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Escrito por Laura desde 220.127.116.11 (dpc6682162015.direcpc.com) el día miércoles, 18 de marzo, 2009 a las 17:49:59 horas :
En respuesta a: Re: Copper Canyon escrito por Linda from Canada desde 18.104.22.168 (dsl-189-147-17-238-dyn.prod-infinitum.com.mx) el día miércoles, 18 de marzo, 2009 a las 16:18:13 horas :
I've gone via train from Los Mochis. You can also go all the way to the start of the rail line at Topalobampo (a lovely spot itself - industrial port on the Sea of Cortez). The trip by train through the Barranca de Cobre is incredible and highly recommended!
We left the van at a hotel with safe parking (they offered at a very reasonable price to keep the van there while we traveled via train up the canyon) and returned in a few days after going up to Creel.
The train is Amtrak - the same train - same comfort as the Amtrak that crosses the western US. This is truly a beautiful trip. We stayed at a hotel a few days in Creel, went from there down the canyon to a small town and in for some hiking to some spectacular waterfalls! It really is something one should see. This is a canyon deeper than the Grand Canyon.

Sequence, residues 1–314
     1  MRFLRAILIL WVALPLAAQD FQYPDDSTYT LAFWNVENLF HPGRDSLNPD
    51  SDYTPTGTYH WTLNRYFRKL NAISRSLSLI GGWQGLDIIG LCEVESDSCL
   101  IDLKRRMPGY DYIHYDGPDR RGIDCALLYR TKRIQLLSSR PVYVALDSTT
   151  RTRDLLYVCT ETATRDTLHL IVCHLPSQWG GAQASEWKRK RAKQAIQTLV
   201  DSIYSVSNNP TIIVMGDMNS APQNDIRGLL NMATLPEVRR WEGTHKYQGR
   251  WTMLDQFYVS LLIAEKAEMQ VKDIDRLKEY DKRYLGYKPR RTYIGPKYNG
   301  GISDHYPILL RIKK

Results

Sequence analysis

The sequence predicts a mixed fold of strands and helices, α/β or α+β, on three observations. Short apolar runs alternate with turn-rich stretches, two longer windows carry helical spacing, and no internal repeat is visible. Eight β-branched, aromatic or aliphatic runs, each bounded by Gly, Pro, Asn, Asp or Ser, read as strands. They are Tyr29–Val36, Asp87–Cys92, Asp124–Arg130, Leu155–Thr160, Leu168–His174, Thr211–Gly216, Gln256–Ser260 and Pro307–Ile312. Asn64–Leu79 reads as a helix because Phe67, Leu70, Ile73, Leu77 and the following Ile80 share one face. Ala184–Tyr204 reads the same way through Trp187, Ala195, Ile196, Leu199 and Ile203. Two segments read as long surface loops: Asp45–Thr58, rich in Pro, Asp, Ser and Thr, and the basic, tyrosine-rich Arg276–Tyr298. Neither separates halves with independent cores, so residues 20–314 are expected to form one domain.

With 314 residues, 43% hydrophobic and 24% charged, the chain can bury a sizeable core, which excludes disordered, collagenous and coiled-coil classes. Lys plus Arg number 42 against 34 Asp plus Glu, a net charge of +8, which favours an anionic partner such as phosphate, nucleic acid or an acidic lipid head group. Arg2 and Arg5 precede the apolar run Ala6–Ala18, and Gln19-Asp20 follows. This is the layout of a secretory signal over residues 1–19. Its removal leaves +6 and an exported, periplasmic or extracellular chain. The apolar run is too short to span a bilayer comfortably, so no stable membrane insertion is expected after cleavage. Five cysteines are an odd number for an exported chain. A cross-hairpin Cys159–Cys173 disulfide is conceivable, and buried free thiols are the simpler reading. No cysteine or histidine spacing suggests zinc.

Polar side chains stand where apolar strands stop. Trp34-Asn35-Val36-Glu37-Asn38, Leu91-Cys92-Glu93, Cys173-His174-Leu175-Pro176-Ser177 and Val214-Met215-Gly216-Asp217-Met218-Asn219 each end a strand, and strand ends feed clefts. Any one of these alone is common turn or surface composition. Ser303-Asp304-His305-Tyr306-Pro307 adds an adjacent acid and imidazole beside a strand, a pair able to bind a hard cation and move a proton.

The Tarahumara Indians have lived in the barranca since they fled there during the Spanish Conquest years and remained ever since. They are very interesting. A word of caution...they have never been conquered by the Spanish or anyone and as might be expected are a very proud an dtough people. They make beautiful baskets of a tight weave and designs that remind me of the Navaho that they sell at the train stops. But do not offer a lower price once they tell you the price of something they are selling. They take it as a personal offense.
I've gotten pretty good at price bargaining having lived with it for 20 years and experienced it all over Mexico - and knowing it should be done with respect and good humor. I have learned that if done well and fairly, it's enjoyable for both parties. But with the Tarahumara, you are in a different culture. All rules for the honored art of 'price regateando'- good for the rest of Mexico - are off with them. The price they tell you is the price you must pay or forget it.
I once offered a price (a very friendly "Would you take $150 ?"...on a $200 peso basket). The young woman gave me a disgusted look, turned her back and walked away. When I offered to buy it at her price, she refused to sell it to me. Her look wilted me so, I felt like begging her to accept $400 and my apology but I knew that if I offered a $1000 usd , she wouldn't have taken it or even slowed down to listen to me.
They were not inclined to smile much to tourists either. Not 'unfriendly' just down to business and not interested in mixing. I suspect that these are aspects reflecting the ways they have managed to not assimilate and thus continue their amazing culture (which includes peyote visionary art and spirituality and long distance running. Maybe they are smart to be that way...come to think of it.